Asia-Pacific Profile: Myint Swe


Photo credit: Taro Taylor; Creative Commons


Who is Myint Swe?

Born June 24, 1961, Myint Swe is a retired general and one of two newly-inaugurated Vice Presidents of Myanmar. His resume includes posts as the head of the military security department in the previous government (intelligence body) and more recently the chief minister of the Yangon region. In 2012, he was nominated to replace a Vice President who was against reforms, but was never confirmed for reasons that are disputed .

Why is he a newsmaker?

On March 30, Myanmar’s new civilian president, Htin Kyaw was sworn in along with his two Vice Presidents and 18 Cabinet Ministers, including Aung San Suu Kyi. Myint is in the news particularly because he is also a close ally of former junta leader Than Shwe. He took part in the crackdown of student protests last year and Buddhist monks in 2007. After his nomination was announced this month, social media websites became sites of significant criticism, citing the military’s continued influence over the country.

Because he has a son-in-law with Australian citizenship, there were questions originally surrounding his eligibility for the role. The constitution, written by the military, bans top government officials who have foreign relatives.

How does Myint Swe’s position impact Myanmar’s new government?

The military is still heavily entrenched in Myanmar’s political and economic systems. While the Parliament is dominated by Aung Sang Suu Kyi’s National League for Democracy, the military has a right to nominate a Vice President. The military maintains sufficient veto power as it is also guaranteed three ministries (Border Affairs, Home and Defense) and control a quarter of parliamentary seats.

New President Htin Kyaw, hand-picked by Suu Kyi, will lead Myanmar’s first civilian government after 54 years of military rule. Suu Kyi will meanwhile take on important portfolios in the ministries of education, foreign affairs, electric power and energy and the president’s office. Land confiscation, national reconciliation and a transition to a more open economy are just a few issues that the new government aims to tackle. The public has welcomed new government with open arms, and has high hopes for its civilian leadership. Leaders affiliated with the previous regime will have to adapt if the country is to move forward economically and politically.

How does Myint Swe impact US policy toward Myanmar?

The U.S. Government has welcomed reforms to Myanmar’s political and economic systems. Yet as a feature of the old regime, Myint Swe remains on a U.S. Treasury Department blacklist that prevents U.S. companies from doing business with certain businessmen and senior military figures. The military’s grip on power also still enables its control over release of political prisoners, a critical issue for relations with the U.S. to improve. At this stage, the U.S. State Department has not appeared to indicate whether Myint Swe’s role in the government would affect diplomatic relations.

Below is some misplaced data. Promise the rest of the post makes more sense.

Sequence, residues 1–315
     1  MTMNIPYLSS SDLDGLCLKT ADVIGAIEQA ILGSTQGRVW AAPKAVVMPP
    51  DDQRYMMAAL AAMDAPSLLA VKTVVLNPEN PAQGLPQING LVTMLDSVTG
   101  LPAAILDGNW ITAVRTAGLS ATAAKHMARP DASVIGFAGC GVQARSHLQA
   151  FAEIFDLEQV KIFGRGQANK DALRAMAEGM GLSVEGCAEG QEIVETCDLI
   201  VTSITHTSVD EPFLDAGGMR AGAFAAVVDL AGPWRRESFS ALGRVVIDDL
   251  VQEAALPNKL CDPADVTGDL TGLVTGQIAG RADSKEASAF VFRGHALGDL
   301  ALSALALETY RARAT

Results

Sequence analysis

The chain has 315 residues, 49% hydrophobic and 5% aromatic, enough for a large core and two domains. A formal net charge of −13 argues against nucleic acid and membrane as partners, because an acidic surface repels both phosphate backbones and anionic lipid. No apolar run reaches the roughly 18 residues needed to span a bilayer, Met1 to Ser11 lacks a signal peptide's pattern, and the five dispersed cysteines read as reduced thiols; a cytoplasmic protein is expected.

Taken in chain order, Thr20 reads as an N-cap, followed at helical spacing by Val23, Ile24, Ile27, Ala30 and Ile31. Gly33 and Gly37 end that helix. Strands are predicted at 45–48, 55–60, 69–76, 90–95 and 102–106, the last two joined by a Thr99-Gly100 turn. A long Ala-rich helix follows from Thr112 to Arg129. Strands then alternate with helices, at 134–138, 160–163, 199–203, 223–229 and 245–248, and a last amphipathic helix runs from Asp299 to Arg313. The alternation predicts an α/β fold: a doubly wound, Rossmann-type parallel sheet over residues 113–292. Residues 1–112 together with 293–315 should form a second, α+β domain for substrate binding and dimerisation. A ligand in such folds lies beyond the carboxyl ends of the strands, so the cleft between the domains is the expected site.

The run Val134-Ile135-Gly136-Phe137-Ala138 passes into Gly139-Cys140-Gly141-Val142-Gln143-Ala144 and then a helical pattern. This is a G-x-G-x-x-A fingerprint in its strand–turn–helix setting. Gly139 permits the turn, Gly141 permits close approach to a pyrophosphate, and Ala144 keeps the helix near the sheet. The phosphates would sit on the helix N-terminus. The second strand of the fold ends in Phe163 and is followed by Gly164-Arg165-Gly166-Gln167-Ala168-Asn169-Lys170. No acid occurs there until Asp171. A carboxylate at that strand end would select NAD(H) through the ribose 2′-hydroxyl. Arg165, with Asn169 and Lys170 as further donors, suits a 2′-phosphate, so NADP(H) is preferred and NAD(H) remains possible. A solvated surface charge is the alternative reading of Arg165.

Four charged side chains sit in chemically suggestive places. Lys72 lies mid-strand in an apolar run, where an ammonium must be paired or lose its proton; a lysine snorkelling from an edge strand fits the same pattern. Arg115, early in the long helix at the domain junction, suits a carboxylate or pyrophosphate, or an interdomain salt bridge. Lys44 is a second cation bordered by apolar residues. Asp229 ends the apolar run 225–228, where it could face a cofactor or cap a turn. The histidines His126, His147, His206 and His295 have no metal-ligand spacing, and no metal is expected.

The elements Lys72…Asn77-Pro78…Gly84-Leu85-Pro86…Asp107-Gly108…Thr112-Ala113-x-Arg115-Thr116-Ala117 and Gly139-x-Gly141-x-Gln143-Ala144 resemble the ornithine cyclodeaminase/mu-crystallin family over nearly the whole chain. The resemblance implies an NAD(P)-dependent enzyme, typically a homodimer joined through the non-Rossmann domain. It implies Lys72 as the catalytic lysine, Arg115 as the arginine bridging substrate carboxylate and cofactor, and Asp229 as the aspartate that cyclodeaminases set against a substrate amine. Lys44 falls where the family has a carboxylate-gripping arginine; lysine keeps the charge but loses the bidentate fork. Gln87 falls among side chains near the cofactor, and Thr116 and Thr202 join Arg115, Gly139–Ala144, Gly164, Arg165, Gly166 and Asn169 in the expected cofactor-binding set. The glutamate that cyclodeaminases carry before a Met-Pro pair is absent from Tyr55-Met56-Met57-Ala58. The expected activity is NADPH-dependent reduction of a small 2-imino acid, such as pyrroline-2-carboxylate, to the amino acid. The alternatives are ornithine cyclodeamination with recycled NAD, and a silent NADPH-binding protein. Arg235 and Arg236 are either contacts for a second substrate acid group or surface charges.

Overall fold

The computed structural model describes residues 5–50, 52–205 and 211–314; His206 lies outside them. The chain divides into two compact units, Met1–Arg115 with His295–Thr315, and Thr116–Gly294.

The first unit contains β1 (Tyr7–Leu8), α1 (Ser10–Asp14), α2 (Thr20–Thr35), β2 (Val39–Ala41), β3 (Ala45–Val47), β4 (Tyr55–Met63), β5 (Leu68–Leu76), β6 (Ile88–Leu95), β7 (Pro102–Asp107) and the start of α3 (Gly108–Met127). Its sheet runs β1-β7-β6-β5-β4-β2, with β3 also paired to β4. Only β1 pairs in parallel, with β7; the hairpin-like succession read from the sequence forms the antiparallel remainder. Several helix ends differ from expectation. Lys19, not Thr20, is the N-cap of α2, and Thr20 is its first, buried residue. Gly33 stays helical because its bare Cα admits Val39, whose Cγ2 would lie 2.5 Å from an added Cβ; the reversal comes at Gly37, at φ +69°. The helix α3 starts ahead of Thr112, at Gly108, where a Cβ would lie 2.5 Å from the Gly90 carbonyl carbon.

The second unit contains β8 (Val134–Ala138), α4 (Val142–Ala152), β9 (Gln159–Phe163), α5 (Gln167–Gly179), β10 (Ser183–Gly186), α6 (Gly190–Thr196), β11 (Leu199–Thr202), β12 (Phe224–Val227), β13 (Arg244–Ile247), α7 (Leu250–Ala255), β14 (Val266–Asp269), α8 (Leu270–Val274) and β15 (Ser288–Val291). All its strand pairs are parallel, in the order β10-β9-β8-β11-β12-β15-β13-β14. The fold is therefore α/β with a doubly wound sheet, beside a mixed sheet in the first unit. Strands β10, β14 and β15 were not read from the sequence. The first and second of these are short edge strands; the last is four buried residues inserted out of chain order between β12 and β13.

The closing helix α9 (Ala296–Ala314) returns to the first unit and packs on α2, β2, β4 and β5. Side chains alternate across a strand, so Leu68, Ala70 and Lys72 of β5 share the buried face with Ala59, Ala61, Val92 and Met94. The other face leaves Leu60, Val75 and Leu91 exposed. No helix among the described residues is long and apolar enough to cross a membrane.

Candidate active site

Myanmar on the Precipice: How Suu Kyi & the NLD May Learn from History

Protest on March 24, 2012 by members of the International Foundation for Burma National Congress (IFBNC), outside The White House. Washington, D.C. Photo Credit: Genevieve Neilson.

Myanmar’s April 1 by-elections are over, but tensions and uncertainty still hover – will the National Democratic League elected officials be able to maintain their seats within Parliament for the remaining term without military interruption?  Will the new government be able to effectively pass progressive reforms despite the military grip on power? How will the celebrity of Aung San Suu Kyi impact the party’s effectiveness and foster an environment for a fair democracy? All these questions and more are swirling around the media, academia, and importantly are in the minds of the Burmese. The relatively smooth elections on April 1 were a positive sign despite corruption allegations. The next three years until the general election may seem like a decade if reforms move at a staggered pace.  Lessons can be learned from Myanmar’s rich history, including its struggles with democracy, civil war and involvement of outside powers. 

The transitions of power between democracy and coups from the 1940s to 1980s demonstrate the perplexities in Burma/Myanmar politics and the ways that individuals and parties have tried to cling to power. In the early 1940s Aung San, Suu Kyi’s father, attempted to lead an ‘independent’ Burma free from British rule, Aung San and his colleagues courted the Japanese; they spent months training and fighting with Japanese soldiers and even wore kimonos during their flirtation with Fascism.  Aung San wrote “There shall be one nation, one state, one party, one leader…there shall be no nonsense of individualism.  Everyone must submit to the state which is supreme over the individual.” (Thant, 2006, p. 229)  The slogan of the Burma National Army in 1943 while he was War Minister still reigns today – “One Blood, One Voice, One Command”.   Luckily Aung San turned against Fascism just in time in 1946 to help Burma in its first democratic elections; however, he always held onto his belief in statism and the determination that his party’s views were best for the country.  When Aung San negotiated with the Japanese and the British to enable an independent Burma, he demanded that his party automatically receive a majority in the provisional government council, with more rights than other parties and in disregard of ethnic minorities. In a way, Aung San eventually led the U Nu government to democratic power through the 1947 Constitution.